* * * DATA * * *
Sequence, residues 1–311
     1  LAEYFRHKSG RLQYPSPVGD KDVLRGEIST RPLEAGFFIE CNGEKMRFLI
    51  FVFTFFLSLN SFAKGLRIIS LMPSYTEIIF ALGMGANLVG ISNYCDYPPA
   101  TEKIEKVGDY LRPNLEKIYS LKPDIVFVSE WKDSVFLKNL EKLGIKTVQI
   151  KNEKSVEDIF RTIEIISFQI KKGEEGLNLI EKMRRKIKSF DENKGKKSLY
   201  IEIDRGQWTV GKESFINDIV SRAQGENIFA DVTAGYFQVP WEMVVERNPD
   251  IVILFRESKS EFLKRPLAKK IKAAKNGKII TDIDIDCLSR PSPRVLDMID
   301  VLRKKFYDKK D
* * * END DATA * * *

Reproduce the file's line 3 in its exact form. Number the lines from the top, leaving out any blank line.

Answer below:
    51  FVFTFFLSLN SFAKGLRIIS LMPSYTEIIF ALGMGANLVG ISNYCDYPPA